“Instructions have been given to CPC and Ceylon Petroleum Storage Terminals to continue fuel deliveries on Saturday and Sunday this week to supply sufficient stocks to all fuel stations,” Minister Wijesekera said in a TWITTER.COM MESSAGE

“To reduce expenses on overtime, CPC and CPSTL have not been operating on Sundays and public holidays in the last 4 months,” Wijesekera said.

“Non-placement of orders by fuel stations from last Saturday, anticipating a price reduction, not maintaining minimum stocks, immediate increase in demand by consumers after the price revision, and quota increase have created shortages in the fuel stations.”

The Minister in April 2023 said all fuel stations would be required to maintain a minimum of 50 percent of stock tank capacity.

“I have asked CPC to review and suspend the license of fuel stations that had not maintained minimum stocks.” (Colombo/ June 02/ 2023)

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Sri Lanka bonds yield up at close, rupee at 291.75/292.50 against the US dollar

ECONOMYNEXT – Sri Lanka’s bonds closed steady on Friday, dealers said, following the central bank’s decision to cut its main policy rate by 250 basis points.

The Spot US dollar closed at 291.75/292.50 rupees, dealers said.

The rupee opened at 290.25/75 to the US dollar Thursday and closed at 292.50/295.50 to the US dollar.

A bond maturing on 15.09.2027 closed at 24.70/90 percent up from 24.50/90 percent a day earlier, dealers said.

A bond maturing on 15.05.2026 closed at 25.75/26.25 percent up from 25.00/26.00 percent a day earlier.

A bond maturing on 01.05.2025 closed at 27.00/30 percent, up from 26.30/27.00 per cent at last close.

A bond maturing on 01.07.2032 closed at 20.25/21.00 percent, up from 20.00/40 per cent at last close.
(Colombo/ June 02/2023)

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Sri Lanka’s shares edge up on positive macroeconomic sentiments

ECONOMYNEXT – Sri Lanka’s shares closed higher in trade on Friday, over positive macro-sentiments encouraging investors to redeem their interest towards buying, an analyst said.

The main All Share Price Index was up 0.72 percent or 62.19 points to 8,753.80,  while the most liquid index S&P SL20 was up 0.68 percent or 16.87 points to 2,487.29.

Sri Lanka’s inflation in the 12-months to May 2023 has eased to 25.2 percent from 35.3 percent a month earlier according to a revised Colombo Consumer Price Index calculated by the state statistics office.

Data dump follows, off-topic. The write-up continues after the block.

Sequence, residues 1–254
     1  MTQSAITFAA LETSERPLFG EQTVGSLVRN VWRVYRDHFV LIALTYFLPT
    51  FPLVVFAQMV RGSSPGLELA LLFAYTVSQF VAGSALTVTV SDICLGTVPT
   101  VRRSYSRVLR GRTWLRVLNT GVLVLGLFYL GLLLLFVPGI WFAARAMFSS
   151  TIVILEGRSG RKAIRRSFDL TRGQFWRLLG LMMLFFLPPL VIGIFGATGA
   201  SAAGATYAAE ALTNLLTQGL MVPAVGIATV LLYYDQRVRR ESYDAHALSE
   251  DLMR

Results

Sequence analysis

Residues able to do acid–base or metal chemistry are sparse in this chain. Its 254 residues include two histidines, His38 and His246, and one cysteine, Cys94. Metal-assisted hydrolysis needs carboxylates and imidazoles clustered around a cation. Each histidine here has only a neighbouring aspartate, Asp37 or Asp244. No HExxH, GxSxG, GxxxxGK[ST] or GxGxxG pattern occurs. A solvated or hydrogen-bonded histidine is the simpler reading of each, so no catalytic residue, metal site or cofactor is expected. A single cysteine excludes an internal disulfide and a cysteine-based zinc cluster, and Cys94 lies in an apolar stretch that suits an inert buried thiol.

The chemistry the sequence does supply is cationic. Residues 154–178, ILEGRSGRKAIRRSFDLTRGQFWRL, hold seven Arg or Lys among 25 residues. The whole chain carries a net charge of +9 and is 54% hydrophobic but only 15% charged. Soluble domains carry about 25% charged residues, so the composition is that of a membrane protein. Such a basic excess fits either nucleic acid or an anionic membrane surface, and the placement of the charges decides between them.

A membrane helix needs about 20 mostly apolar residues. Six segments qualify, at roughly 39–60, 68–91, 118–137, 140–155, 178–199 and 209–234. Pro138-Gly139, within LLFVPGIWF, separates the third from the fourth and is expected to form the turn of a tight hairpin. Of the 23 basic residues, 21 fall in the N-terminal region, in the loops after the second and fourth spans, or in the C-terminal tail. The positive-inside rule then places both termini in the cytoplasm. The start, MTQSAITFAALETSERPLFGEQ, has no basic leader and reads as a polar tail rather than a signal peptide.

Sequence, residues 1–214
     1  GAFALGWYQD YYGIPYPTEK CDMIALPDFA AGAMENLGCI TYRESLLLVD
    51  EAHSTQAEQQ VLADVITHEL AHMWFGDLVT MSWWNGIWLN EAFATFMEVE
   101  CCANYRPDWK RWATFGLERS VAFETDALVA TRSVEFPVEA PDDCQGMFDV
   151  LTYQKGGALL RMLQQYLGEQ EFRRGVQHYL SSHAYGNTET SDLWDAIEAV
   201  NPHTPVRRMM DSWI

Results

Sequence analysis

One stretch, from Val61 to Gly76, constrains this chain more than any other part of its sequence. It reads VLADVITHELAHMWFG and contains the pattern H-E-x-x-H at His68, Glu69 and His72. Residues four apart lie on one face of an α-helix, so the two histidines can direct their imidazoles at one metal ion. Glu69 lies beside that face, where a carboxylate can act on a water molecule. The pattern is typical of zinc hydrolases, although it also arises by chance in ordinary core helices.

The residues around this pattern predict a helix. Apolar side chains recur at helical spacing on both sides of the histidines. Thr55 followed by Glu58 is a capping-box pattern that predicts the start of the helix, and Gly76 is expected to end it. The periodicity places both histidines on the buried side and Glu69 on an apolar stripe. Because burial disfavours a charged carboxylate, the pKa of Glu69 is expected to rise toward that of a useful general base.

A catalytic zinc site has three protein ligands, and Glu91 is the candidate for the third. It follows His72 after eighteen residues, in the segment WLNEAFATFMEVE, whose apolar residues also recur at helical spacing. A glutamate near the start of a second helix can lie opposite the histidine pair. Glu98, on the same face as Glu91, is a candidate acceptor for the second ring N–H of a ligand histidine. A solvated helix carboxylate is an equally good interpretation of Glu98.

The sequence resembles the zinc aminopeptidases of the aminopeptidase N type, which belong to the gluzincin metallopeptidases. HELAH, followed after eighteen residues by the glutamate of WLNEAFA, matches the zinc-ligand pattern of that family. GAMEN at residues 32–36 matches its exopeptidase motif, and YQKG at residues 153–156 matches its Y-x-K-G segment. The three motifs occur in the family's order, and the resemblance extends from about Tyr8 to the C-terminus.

Prior to the Monetary Policy investors were quite optimistic that inflation is to lower and interest rates will decrease and since exp, an analyst said.

Sri Lanka Central Bank is waiting for the government proposal on the domestic debt restructuring (DDR), the central bank governor Nandalal Weerasinghe said amid uncertainty over DDR and speculations over instability in the banking sector.

“On debt restructuring, the borrower is the ministry of finance’s treasury. Certainly we will announce what the strategy will be. We are waiting for a government proposal,” Weerasinghe said.

Sri Lanka’s investors are waiting on assurances to be made on debt restructuring and optimization, Central Bank Governor Nandalal Weerasinghe said, “It is up to the government to clear the uncertainty, because from our side we have done that part.”

The central bank cut the key policy rates by 250 basis points to spur a faltering economic growth as inflation was decelerating faster than it projected.

The speculation of DDR has hit the market and the risk premium has kept the market lending rates well above the central bank’s policy rates. The government has yet to present its plans on DDR.

Weerasinghe said the central bank has done its best to reduce the risk premium through bringing down the market lending rates while keeping the policy rates unchanged.

Sri Lanka’s President Ranil Wickremesinghe has discussed progress of International Monetary Fund program and debt restructuring during a visit of Deputy Managing Director Kenji Okamura, statement said.

“The discussion primarily focused on the progress of the IMF program between Sri Lanka and the IMF,” a statement from President’s office said.

“Attention was also paid to the on-going debt restructuring negotiations.”

However Officials from IMF have said Sri Lanka has to focus on expanding taxes.

“We discussed the importance of fiscal measures, in particular revenue measures, for a return to macroeconomic stability,” Deputy Managing Director Kenji Okamura said in a statement.

The finance ministry this week issued rules requiring everyone above 18 year of age to register to pay income tax.

“I was encouraged by the authorities’ commitment to negotiate a debt strategy in a timely and transparent manner.

The market generated a revenue of 738 million rupees, while the daily average was 1 billion rupees.

Top gainers in trade were Vallibel One, LOLC Finance and Browns Investment. (Colombo/June02/2023)